Job Support Scheme

The Job Support Scheme was announced by the Chancellor of the Exchequer, Rishi Sunak, on 24th September following pressure to provide help for employers following the closure of the Coronavirus Job Retention Scheme on 31st October 2020.   It will run for 6 months from 1st November 2020 (reclaimable from December 2020) and will apply as follows.

The Job Support Scheme aims to protect viable jobs in workplaces that are suffering lower demand as a result of the impact of COVID-19.  “Viable” has yet to be defined however we do know that employees cannot be made redundant or be given notice of redundancy during the period in which the employer is claiming for.  Further clarification is required as to whether this means the employer cannot commence consultation whilst claiming, it seems the employer will be able to, provided they do not issue notice of termination.  It is unclear what will happen if the employee is on notice for any other reason.

Where an employee has had a reduction in hours due to a decrease in demand at the employer, the cost of the reduction will be split between i) the employer, ii) the Government, and iii) by the employee (in agreeing to a reduction in hours and wages).  Pre-furlough pay or hours will be used to calculate usual wages and a similar methodology to the CJRS will be followed.

For example, if an employee is contracted to work 40 hours per week (full time) but the employer is only able to provide them with 28 hours work they will be suffering a reduction of 12 hours.  The Government will pay a third of the hours not worked up to the cap mentioned below (4 hours in this case) and the employer will also be required to pay a third of hours not worked (4 hours).  Meaning the employee’s remuneration is only reduced by one third of the reduction in hours.  To be eligible to claim, the employee must be working at least one third of their contract hours (the Government will consider whether to increase this threshold after three months).

Essentially, for every hour not worked by the employee, both the Government and the employer will pay a third each of the usual hourly wage for that employee. The purpose is to ensure that employees receive a minimum of 77% of their normal wages subject to the following: the Government contribution will be capped at £697.92 a month (we currently understand this to be gross and then subject to tax and NICs in the usual way).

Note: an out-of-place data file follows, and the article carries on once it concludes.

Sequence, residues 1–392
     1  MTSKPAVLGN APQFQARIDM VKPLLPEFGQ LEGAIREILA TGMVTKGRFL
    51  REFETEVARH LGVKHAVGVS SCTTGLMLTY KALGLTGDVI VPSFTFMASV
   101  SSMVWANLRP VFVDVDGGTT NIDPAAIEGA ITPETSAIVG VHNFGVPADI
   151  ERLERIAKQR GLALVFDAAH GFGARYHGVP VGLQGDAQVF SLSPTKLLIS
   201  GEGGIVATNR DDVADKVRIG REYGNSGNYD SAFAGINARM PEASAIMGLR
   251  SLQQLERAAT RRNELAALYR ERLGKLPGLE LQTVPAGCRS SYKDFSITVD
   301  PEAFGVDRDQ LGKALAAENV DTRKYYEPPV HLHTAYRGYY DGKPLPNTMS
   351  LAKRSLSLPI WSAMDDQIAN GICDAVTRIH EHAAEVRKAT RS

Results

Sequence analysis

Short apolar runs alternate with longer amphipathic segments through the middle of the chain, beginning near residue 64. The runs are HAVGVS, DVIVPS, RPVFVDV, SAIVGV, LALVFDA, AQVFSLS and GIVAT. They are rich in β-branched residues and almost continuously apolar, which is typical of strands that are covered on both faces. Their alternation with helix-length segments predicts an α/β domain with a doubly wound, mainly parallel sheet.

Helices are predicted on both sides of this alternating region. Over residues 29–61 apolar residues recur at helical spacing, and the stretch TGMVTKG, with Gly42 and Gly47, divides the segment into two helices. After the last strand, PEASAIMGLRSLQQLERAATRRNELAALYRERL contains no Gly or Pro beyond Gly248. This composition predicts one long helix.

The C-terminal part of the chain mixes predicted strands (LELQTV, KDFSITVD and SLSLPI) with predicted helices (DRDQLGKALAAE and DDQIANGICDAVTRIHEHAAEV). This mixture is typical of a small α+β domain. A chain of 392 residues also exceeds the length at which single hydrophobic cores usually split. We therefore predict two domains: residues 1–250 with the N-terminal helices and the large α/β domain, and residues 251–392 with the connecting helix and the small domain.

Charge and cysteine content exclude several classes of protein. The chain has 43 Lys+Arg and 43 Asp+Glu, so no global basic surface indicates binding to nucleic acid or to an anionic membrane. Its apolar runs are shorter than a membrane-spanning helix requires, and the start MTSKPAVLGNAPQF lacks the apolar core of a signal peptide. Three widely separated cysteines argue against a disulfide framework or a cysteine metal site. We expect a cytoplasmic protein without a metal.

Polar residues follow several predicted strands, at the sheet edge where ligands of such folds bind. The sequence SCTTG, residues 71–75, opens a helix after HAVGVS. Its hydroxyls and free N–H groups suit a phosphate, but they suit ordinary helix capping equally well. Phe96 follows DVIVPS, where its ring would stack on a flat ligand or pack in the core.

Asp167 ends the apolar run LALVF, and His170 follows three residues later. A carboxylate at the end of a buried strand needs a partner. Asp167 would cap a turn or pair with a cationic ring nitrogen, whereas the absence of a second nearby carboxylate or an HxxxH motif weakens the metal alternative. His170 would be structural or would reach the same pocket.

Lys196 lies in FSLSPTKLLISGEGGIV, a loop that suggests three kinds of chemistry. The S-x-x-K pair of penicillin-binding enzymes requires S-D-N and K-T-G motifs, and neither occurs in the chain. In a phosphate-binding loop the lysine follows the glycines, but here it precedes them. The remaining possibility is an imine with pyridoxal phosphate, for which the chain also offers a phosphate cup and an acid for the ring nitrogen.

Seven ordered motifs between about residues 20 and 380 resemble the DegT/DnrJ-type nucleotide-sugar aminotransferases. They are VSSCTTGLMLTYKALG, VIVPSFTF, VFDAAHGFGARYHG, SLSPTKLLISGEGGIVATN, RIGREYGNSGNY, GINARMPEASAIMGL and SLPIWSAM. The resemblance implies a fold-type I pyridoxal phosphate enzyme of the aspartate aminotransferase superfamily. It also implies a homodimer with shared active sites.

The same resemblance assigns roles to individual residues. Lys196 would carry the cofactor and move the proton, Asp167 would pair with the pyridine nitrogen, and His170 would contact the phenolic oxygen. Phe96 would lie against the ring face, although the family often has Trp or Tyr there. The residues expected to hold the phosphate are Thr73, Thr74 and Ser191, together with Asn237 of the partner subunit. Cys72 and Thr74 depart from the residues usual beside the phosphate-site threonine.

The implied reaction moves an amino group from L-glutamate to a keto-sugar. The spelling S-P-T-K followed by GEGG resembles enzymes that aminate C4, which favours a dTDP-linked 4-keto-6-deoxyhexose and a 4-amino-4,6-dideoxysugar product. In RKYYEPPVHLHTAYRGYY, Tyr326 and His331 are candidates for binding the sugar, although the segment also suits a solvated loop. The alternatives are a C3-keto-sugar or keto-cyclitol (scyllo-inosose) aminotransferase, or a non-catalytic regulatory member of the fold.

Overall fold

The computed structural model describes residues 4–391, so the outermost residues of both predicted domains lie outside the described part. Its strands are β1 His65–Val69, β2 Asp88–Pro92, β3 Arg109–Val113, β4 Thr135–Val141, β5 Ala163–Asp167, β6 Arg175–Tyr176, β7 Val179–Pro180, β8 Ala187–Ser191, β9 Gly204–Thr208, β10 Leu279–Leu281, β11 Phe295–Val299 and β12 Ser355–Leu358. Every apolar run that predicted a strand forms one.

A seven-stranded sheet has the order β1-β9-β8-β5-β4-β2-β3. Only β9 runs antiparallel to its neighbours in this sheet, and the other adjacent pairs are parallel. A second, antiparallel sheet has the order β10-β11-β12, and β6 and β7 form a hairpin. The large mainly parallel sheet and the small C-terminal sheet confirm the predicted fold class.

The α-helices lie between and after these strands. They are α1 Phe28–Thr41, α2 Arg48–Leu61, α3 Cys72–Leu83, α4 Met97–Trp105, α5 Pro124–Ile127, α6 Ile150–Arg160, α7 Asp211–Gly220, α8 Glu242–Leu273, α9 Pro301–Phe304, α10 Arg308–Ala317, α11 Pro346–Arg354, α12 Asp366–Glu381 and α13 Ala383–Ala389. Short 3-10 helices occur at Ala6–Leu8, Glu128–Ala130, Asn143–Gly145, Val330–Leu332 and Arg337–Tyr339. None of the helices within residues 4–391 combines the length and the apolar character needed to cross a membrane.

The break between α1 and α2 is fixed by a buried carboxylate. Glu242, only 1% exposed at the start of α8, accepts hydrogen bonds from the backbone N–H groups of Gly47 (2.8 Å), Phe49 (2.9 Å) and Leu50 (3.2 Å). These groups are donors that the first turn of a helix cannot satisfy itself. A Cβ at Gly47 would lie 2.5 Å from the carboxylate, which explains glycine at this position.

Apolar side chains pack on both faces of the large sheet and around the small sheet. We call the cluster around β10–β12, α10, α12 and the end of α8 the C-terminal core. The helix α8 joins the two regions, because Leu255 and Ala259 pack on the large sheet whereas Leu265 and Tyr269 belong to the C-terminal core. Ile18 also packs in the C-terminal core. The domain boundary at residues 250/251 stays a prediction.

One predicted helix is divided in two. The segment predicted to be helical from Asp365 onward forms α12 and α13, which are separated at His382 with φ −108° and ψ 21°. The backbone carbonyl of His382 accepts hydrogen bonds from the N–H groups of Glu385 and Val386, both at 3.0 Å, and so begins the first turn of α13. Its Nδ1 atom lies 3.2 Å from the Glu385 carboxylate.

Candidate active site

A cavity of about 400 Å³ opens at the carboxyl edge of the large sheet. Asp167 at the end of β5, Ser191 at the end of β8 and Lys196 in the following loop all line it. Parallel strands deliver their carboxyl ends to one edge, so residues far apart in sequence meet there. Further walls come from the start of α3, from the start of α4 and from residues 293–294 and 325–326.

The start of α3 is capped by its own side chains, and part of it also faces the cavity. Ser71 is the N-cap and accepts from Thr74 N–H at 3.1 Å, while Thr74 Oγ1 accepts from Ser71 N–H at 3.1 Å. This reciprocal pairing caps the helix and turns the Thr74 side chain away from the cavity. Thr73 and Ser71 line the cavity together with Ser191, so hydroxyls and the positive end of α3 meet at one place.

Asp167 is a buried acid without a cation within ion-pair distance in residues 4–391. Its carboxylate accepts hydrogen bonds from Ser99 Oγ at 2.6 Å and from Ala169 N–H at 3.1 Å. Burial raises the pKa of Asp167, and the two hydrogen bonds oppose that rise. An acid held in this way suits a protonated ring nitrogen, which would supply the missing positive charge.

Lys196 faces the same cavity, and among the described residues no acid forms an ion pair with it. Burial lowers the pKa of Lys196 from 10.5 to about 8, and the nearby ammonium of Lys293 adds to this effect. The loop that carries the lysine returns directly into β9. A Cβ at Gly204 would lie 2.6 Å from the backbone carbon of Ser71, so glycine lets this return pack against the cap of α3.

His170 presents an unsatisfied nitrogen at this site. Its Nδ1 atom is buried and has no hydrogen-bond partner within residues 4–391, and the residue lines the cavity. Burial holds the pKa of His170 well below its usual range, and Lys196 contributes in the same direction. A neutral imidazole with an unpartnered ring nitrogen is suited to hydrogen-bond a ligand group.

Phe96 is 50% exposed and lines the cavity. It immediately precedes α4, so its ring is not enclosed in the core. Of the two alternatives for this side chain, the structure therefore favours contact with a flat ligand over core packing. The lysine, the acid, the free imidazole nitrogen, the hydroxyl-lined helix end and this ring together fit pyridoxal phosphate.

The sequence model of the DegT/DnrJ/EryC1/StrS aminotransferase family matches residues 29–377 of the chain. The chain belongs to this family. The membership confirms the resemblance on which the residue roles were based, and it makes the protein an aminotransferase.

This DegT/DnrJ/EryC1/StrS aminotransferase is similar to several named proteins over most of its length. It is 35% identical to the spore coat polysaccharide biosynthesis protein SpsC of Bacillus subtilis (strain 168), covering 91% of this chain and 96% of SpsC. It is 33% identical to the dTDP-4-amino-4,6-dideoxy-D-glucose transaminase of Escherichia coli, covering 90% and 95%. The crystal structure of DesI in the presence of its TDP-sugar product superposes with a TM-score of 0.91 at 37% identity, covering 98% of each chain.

The grant will be made to the employer in arrears, reimbursing the employer for the Government’s contribution.  Class 1 employer NICS or pension contributions remain payable by the employer and are not recoverable under the grant. Only wage costs actually incurred are recoverable.  The employee must have been on the employer’s PAYE payroll on or before 23 September 2020 but they do not have to have been previously furloughed.  There is no maximum number of employees than can be claimed for by an employer.

If the Company is legally required to close entirely due to a local lockdown (for example, if they are a pub or gym), the Government will pay two thirds of their employees’ salaries up to a maximum of £2,100 per month.  In this circumstance, the employer will not be required to contribute towards wages and will be required to only cover NIC’s and pension contributions. The employees must be off work for a minimum of seven consecutive days to be able to claim this grant.

The Job Support Scheme will be open to all small and medium-sized companies (generally defined as less than 250 employees).  Larger companies will only be able to utilise the scheme if they are able to show their turnover has fallen during the pandemic and they are not making capital distributions.  We are awaiting clarification concerning as to how this will actually be financially assessed.

In utilising the Job Support Scheme, the employer will not be prevented from claiming the Job Retention bonus in January, if they meet the eligibility criteria.

Implementation

An employee can request to go on the scheme but an employer does not have to agree.  Otherwise, the employer will need to decide who should be placed on short-term working.

Employers will be required to negotiate a pay reduction with the employee, just as they did with furlough, and document the agreement in writing.  The agreement should cover: the reduced hours and working pattern, arrangements for moving out of the scheme if working hours fall below 33%, the reduction in pay and the payment of government contribution in relation to unworked hours.

We will look to update this page as and when more information becomes available.

Last updated: 15th October 2020.

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